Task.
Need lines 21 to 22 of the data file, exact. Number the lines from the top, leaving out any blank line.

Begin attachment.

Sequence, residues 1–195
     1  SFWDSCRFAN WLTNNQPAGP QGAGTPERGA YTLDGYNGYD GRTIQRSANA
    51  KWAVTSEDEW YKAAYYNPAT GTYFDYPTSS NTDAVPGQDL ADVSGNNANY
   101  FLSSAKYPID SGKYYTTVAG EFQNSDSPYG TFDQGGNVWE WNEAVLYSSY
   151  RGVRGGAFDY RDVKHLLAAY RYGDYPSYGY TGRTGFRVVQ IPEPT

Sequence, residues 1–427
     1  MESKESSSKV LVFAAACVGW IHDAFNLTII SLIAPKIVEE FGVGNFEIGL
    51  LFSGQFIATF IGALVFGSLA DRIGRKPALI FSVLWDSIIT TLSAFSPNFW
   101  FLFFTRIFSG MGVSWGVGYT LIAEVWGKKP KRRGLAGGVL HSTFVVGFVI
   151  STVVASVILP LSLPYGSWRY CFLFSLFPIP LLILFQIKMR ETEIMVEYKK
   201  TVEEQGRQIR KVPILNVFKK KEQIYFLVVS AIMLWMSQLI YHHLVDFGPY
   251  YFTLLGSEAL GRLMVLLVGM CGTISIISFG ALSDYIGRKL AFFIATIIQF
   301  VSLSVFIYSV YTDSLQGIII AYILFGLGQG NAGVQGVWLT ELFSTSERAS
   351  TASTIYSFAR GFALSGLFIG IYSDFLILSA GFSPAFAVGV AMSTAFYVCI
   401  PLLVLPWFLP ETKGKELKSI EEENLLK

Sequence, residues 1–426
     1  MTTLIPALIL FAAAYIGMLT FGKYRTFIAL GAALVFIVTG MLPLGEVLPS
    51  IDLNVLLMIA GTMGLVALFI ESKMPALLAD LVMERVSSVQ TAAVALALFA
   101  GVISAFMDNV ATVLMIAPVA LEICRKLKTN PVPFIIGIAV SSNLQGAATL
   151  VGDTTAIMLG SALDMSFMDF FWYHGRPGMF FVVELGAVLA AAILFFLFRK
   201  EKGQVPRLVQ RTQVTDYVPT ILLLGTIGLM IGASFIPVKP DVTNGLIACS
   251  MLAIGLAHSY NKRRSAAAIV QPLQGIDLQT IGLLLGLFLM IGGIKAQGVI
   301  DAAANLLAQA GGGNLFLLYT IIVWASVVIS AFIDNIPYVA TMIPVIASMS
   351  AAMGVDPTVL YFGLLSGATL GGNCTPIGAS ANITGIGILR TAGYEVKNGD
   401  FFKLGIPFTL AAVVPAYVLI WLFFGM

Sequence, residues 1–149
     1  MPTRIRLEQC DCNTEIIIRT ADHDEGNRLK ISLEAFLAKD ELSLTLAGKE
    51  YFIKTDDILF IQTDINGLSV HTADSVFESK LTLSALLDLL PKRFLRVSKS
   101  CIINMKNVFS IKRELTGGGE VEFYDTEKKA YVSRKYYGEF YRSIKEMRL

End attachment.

   201  EKGQVPRLVQ RTQVTDYVPT ILLLGTIGLM IGASFIPVKP DVTNGLIACS
   251  MLAIGLAHSY NKRRSAAAIV QPLQGIDLQT IGLLLGLFLM IGGIKAQGVI